Open Access Research Article Article ID: OJOR-6-139

    IV. Bisphosphonates promote healing of complicated stress fractures in the foot

    E Fink-Eriksen*, T Ianssen and EE Husebye

    Delayed healing of stress fractures constitutes a significant clinical problem causing pain and disability for the patients affected. The vast majority heal after immobilization of the extremity affected, but a certain small number of patients display delayed union despite standard treatment, resulting in prolonged disability and usually end up needing orthopedic procedures to get symptomatic relief. All stress fractures exhibit Bone Marrow Edema or Bone Marrow Lesions (BMLs) with and without fracture lines on MRI, and in cases of delayed union these lesions persist. Thus, it is conceivable that BML formation might contribute to non-union. Previous studies on transient osteoporosis and osteoarthritis have demonstrated that bisphosphonates can reduce BMLs. We therefore wanted to test, whether treatment with IV. Bisphosphonates could promote healing of such fractures. In this study we report our clinical experience and the results obtained after treating 8 patients exhibiting delayed healing an off label protocol using two Zoledronic acid infusions (given 3 months apart). 

    Seven female and one male patient (aged 30-72) were enrolled. All had signs of non-union for more than 12 months (defined as continued pain, disability and persistent BMLs on MRI). Pain was monitored using VAS (1-10) and MRI was performed in six of the patients at baseline, 3, 6 and 12 months after the first infusion. All patients received Ca (0.5-1 g Ca per day) and vitamin D supplementation (800-1000 IE per day).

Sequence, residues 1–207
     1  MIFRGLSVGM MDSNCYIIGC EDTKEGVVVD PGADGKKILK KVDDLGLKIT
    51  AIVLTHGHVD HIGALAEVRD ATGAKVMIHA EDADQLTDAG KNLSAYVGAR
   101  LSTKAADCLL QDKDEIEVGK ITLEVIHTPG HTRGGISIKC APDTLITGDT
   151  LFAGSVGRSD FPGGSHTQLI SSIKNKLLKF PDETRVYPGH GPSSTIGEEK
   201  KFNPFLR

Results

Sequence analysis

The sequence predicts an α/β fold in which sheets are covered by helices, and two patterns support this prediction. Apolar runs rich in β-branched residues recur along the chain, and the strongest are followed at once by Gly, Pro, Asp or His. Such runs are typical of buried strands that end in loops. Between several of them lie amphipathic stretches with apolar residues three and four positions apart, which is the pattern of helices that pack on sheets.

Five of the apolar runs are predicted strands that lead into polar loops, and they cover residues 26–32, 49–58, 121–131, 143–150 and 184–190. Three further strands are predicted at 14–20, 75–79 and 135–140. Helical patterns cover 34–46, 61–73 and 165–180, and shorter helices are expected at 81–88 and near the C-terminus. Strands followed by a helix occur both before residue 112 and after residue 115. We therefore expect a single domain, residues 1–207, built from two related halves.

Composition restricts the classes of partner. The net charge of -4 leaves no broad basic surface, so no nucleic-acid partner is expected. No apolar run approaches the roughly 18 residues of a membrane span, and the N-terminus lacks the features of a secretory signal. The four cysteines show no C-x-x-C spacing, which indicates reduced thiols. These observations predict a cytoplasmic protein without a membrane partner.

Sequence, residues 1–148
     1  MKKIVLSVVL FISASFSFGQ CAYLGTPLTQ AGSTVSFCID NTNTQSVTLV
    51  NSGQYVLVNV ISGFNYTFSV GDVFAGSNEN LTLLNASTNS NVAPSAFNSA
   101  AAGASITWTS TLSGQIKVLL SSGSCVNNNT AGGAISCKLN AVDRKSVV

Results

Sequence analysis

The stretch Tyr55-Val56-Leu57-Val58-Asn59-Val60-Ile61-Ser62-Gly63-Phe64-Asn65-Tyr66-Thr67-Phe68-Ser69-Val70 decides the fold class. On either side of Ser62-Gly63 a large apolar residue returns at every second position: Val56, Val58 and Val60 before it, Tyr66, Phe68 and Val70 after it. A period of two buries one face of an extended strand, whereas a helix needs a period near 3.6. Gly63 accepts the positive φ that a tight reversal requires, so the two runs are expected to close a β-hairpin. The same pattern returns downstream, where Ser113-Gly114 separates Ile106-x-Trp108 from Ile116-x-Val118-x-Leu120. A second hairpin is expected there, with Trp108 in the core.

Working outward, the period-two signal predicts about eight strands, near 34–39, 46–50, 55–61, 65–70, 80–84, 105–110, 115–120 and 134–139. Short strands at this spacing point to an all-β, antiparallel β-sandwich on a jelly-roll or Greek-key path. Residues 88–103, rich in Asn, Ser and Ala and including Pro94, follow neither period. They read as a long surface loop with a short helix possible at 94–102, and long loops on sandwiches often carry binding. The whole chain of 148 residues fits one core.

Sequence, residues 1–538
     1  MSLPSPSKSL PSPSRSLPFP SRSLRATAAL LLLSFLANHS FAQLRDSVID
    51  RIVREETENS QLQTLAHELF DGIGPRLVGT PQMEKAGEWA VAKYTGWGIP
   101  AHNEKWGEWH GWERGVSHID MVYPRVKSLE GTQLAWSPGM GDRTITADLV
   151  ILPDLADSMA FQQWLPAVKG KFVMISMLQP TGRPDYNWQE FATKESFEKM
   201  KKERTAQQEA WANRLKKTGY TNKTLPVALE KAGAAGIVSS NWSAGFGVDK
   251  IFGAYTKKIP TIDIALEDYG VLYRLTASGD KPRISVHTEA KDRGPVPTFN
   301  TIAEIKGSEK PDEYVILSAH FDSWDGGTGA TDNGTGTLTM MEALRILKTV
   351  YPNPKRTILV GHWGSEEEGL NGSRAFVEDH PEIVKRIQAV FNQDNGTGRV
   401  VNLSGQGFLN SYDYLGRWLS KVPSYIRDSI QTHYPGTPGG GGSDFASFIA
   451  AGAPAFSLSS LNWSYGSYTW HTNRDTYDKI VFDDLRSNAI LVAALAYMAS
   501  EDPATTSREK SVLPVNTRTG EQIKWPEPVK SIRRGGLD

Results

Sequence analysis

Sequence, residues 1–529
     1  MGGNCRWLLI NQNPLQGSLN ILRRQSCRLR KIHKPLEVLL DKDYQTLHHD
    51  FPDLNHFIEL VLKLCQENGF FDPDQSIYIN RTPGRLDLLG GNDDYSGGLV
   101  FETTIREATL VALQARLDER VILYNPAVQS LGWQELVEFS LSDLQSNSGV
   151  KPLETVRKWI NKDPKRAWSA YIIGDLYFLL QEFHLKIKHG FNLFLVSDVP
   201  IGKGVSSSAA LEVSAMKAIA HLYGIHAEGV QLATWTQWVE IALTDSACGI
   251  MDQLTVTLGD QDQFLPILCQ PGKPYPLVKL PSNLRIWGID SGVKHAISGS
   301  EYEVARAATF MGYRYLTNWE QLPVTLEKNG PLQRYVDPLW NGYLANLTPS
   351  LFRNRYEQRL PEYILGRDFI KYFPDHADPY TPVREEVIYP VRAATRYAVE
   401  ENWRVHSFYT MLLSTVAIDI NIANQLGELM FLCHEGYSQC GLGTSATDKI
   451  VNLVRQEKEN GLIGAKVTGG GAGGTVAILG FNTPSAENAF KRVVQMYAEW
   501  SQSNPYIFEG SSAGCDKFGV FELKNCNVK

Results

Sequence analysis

All patients experienced clinical healing with significant reduction of pain at the fracture site and improvement of ambulation within 1-3 months after the first infusion. 4 patients experienced further reducgtion of pain after the second infusion. At 6 months, ambulatory functions were completely restored in all patients and a highly significant reduction of VAS scores from an average of 7.3 before treatment to 1.1 at 6 months and 0,9 at 12 months (P<0,0001) could be demonstrated. The alleviation of pain was accompanied by reduction or total resolution of BMLs on MRI. Except for 2 cases of flu-like symptoms after the first infusion, no adverse effects were recorded. 

    In conclusion, In conclusion, 2 infusions of zoledronic acid (5 mg) given 3 months apart, may emerge as a possible treatment modality of stress fractures in the foot showing delayed union, and could potentially reduce the need for more extensive surgical intervention in such complicated cases. This small observational pilot study needs to be corroborated in a larger randomized, controlled trial.


    Published on: Jul 16, 2021 Pages: 57-61

    Full Text PDF Full Text HTML DOI: 10.17352/ojor.000039
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